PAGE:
1. Read the human rights reporting piece provided and identiy the key human right in the story
2. Discuss with a partner who the sources are and how many represent the state and civil society
3. Identify styles of reporting the protection and violation of human rights principles and issues as well as approaches and techniques
4. Discuss the challenges involved in monitoring and evaluating the principles and issues of human rights in national and global contexts
5. Show if there is any manipulation and distortion by political and humanitarian civil society stakeholders in the reporting of humanitarian crises
6. Present your analysis to class
This lesson focuses on the critical role of the journalist – as a duty bearer – in the promotion and protection of human rights in times of peace or crisis. We have lived in an era of human rights ever since the Declaration of Universal Human Rights in 1948, which saw nation-states making legally binding commitments to uphold and protect the rights of their citizens and others against violations. Yet these pledges largely remain rhetorical. This is so because governments have at the same time been busy jealously guarding their own sovereignty, cracking down on the slightest threat to national security or public order. Sometimes they even sponsor violations of the political, economic, social, and/or cultural rights of their citizens and others.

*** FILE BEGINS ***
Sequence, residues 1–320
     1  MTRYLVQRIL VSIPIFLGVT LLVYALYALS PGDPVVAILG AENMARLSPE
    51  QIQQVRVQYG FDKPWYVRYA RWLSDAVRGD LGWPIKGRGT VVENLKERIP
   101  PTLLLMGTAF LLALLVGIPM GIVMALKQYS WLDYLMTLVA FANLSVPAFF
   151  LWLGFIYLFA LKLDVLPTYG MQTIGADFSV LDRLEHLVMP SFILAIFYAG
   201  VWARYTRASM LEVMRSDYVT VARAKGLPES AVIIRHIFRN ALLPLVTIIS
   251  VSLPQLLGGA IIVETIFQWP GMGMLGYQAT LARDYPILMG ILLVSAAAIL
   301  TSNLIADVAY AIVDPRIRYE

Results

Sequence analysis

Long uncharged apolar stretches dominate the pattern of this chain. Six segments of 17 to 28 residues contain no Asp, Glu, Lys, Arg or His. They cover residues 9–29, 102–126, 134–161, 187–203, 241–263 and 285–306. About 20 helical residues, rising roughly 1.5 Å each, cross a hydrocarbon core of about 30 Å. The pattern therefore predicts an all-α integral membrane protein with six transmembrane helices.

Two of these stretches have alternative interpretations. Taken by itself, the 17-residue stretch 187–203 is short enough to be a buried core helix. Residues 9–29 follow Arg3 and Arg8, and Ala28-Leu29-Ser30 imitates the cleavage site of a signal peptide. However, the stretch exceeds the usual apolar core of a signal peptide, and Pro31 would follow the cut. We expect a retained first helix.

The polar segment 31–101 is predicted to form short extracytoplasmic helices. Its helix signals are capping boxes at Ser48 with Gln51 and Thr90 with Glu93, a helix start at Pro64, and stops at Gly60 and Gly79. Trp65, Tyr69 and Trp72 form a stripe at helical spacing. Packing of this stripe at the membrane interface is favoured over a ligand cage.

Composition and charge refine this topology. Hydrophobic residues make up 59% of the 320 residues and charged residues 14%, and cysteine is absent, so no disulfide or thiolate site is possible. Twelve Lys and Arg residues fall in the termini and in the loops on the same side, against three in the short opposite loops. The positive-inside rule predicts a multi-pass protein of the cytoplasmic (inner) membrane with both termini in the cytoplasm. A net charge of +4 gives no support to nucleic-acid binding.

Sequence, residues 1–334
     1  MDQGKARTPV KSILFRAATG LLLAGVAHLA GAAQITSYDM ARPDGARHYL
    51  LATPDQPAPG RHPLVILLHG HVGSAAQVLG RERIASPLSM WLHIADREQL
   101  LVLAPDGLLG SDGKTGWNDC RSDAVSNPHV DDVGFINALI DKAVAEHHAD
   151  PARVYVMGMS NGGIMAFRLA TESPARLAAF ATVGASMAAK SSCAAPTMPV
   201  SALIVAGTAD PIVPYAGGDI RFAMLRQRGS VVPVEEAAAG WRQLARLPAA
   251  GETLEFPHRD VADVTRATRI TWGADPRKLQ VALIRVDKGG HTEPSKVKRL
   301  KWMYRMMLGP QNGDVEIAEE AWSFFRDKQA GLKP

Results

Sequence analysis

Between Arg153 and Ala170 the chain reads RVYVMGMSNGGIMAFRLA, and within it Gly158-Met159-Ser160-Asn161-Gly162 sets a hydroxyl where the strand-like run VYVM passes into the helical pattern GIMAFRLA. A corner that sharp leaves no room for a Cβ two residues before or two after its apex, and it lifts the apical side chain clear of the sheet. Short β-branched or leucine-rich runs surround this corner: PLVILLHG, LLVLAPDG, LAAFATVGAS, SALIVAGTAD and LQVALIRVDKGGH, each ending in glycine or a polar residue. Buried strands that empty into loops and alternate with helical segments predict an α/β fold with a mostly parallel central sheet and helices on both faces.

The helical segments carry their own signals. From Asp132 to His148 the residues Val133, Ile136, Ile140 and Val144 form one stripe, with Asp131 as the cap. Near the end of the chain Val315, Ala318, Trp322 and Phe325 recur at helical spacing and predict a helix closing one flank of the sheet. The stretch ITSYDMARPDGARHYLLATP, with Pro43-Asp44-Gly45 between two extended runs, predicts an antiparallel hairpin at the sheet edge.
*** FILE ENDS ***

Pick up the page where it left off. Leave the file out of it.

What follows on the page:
Drawing on recent case studies, the module explores journalism’s shortcomings (human wrongs journalism), as well as its remarkable potential (human rights journalism) to facilitate a holistic human rights approach to reporting near and distant human suffering. It thus examines, the reporting of some of the critical human rights issues such as gender, children, education, health (including AIDS), censorship, environment, torture, prison conditions, human trafficking, ethnic cleansing, genocide, poverty, famine, and immigration.